Labyrinths have been found on every continent from long ago. For ancient people they were ways of connecting their inner, spiritual and emotional world with the outer, physical and social world.
In Medieval times labyrinths were laid in churches and cathedrals – the most famous example is at Chartres Cathedral in France (see front cover). Today Christians are once again laying labyrinths in churches and cathedrals, in gardens or taking portable ones from place to place.
Anyone can walk a labyrinth. You don’t have to be ‘religious’ or ‘spiritual’ to do so. It can be ‘a tool’ for connecting your inner and outer worlds and gaining balance in your life, especially when you are stressed. Some people like to think of it as a way of praying.
Why walk a labyrinth?
To take a break from a busy day
To let go of something worrying you
It helps you think more clearly
It helps you pray ot meditate
You find a calmness, a still inner centre
A slow walk
1. Pause at the entrance (called the ‘mouth’ of the labyrinth) before you begin.
2. Straighten your back and look straight ahead or to a point on the wall the other side of the labyrinth.
3. Take several gentle, slow, deliberate breaths. Don’t rush. You’ll be here a minute or two before starting.
4.Enter the labyrinth and slowly walk forwards following the path until you reach the centre.
In the centre:
5. Pause there a while.
6. Again take some gentle, slow, deliberate breaths. It helps to keep your head up, looking directly ahead or at a point on the wall while you do this.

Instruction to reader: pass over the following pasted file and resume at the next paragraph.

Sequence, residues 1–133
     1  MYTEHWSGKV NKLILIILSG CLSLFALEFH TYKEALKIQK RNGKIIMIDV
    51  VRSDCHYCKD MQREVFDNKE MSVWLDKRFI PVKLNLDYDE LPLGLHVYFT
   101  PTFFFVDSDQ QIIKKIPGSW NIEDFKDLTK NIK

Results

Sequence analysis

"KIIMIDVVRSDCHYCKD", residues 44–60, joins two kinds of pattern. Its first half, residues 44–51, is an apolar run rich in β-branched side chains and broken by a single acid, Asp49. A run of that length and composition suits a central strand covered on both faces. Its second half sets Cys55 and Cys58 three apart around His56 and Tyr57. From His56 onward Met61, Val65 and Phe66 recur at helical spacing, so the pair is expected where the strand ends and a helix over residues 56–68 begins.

7. Don’t rush this. Pause for as long as you need.
8. Turn around. Pause again. Breathe slowly.
9. Take as long as you need. Look ahead.
10. Then retrace your steps out wards.
At the exit:
11. Pause again before leaving the labyrinth, standing straight and still and looking straight out.
12. Turn and look inwards towards the labyrinth’s centre. Take a gentle breath or two before leaving.
13. Tell one of our staff about your experience
A fast walk
1. Pause at the entrance before you begin.
2. Take one or two deep breaths.
3. When you feel ready enter the labyrinth and walk at normal pace until you reach the centre.
In the centre:
4. Stand still. Breathe normally. Close your eyes and count to ten. Open your eyes. Turn around.
5. Pause. Take one or two deep breaths.
6. When you feel ready retrace your steps to the exit.
Stop immediately after you leave
7. Turn to face the labyrinth. Pause. Breathe normally while you count to ten.
8. Tell one of our staff about your experience. Something might surprise you as you talk about it.
Deacon Merry believes we can all learn from the ancient practice of walking the labyrinth. This was made for the Kindness Festival 2020.